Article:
Reuters: Iranian banks are operating in the Gulf financial hub of Dubai despite U.N. sanctions and authorities should keep a close eye on them, a U.S. official involved in tracking suspicious financial activity said on Wednesday.
ABU DHABI (Reuters) – Iranian banks are operating in the Gulf financial hub of Dubai despite U.N. sanctions and authorities should keep a close eye on them, a U.S. official involved in tracking suspicious financial activity said on Wednesday.
The United States is holding discussions with the United Arab Emirates which include issues important for Dubai if it is to become a trusted financial center, said Stuart Levey, U.S. Treasury undersecretary for terrorism and financial intelligence.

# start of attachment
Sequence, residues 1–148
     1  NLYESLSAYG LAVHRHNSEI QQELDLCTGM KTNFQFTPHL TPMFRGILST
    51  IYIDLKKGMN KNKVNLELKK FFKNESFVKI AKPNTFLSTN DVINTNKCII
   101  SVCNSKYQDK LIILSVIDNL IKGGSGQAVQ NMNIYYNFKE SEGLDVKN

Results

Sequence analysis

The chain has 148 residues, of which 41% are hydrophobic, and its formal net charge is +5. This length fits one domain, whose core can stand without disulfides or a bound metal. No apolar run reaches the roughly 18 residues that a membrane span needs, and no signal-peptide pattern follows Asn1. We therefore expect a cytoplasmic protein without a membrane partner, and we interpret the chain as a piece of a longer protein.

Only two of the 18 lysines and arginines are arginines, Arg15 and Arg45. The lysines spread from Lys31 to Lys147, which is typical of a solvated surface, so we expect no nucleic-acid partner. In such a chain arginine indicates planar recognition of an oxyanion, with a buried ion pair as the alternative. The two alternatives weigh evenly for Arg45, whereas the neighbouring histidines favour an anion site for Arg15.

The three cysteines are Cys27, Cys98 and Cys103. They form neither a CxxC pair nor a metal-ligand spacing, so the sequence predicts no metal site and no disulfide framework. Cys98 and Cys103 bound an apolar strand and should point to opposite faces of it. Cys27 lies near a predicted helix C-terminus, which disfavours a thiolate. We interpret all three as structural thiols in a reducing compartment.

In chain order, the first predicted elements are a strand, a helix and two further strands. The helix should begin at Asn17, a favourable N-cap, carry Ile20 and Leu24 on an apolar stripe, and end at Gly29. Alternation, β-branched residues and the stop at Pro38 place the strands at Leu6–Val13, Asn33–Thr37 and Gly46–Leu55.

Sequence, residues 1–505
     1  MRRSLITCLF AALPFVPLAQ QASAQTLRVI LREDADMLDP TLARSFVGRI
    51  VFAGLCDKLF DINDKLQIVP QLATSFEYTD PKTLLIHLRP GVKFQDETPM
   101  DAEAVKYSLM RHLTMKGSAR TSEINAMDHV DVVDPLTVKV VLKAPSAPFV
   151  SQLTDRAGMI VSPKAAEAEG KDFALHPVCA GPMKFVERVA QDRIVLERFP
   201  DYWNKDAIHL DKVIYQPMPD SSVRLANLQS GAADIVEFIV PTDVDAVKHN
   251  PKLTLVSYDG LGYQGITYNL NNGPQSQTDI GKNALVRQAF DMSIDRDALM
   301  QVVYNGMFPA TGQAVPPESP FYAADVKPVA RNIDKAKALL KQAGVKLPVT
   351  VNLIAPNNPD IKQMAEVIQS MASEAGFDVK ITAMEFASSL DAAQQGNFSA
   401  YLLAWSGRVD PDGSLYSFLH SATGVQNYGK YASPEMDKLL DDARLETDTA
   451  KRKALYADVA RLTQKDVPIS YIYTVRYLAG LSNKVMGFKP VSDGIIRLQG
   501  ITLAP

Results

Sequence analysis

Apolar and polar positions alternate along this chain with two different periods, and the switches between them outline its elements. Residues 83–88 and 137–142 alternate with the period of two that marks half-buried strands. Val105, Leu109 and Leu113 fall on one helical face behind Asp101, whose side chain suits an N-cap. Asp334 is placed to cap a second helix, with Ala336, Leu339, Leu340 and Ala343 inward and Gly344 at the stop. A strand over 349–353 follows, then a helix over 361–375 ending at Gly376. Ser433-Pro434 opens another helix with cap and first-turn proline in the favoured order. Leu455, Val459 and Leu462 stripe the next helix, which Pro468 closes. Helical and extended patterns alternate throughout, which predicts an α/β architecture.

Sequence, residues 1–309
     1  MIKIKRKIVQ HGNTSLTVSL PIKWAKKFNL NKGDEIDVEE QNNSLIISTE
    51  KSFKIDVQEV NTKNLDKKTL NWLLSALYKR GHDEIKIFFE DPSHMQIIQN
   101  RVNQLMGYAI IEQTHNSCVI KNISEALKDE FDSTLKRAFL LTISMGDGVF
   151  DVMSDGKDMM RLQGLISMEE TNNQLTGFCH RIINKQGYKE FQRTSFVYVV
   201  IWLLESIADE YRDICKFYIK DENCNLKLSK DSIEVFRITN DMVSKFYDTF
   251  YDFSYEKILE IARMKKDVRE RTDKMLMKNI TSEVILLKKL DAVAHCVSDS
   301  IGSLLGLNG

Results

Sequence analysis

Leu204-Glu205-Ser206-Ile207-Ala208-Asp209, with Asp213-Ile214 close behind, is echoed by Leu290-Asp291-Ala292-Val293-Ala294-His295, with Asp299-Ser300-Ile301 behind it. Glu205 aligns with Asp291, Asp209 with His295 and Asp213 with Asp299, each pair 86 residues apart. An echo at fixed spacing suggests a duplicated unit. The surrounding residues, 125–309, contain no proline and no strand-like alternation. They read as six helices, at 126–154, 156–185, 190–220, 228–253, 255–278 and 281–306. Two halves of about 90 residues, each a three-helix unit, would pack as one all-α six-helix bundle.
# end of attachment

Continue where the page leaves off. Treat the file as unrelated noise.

"There is a challenge in the (United Arab Emirates) especially because of deep commercial ties between the UAE and Iran," he said.
The United States and other Western countries have urged more international vigilance against Iranian banks, saying they are trying to skirt U.N. sanctions imposed over Tehran's disputed nuclear plans. Iranian lenders such as Bank Saderat and Bank Melli operate in the UAE.
"These banks are an issue of concern and they are deserving of scrutiny because of their track record," Levey said.
U.S. policy on sanctions against Iran will likely continue during the presidency of Barack Obama, he said.
"There's one area in U.S. continuity — rigorous enforcement of U.N. Security Council resolutions and protection of the international financial system," he said.
Levey criticized cooperation by Russia and Qatar with Iran on gas development.
"We are watching. We think it is not a good time to pursue businesses with Iran," he said.
Iran, Russia and Qatar, the world's three leading gas producers, agreed to boost coordination last month.
(Reporting by Stanley Carvalho; Editing by Angus MacSwan)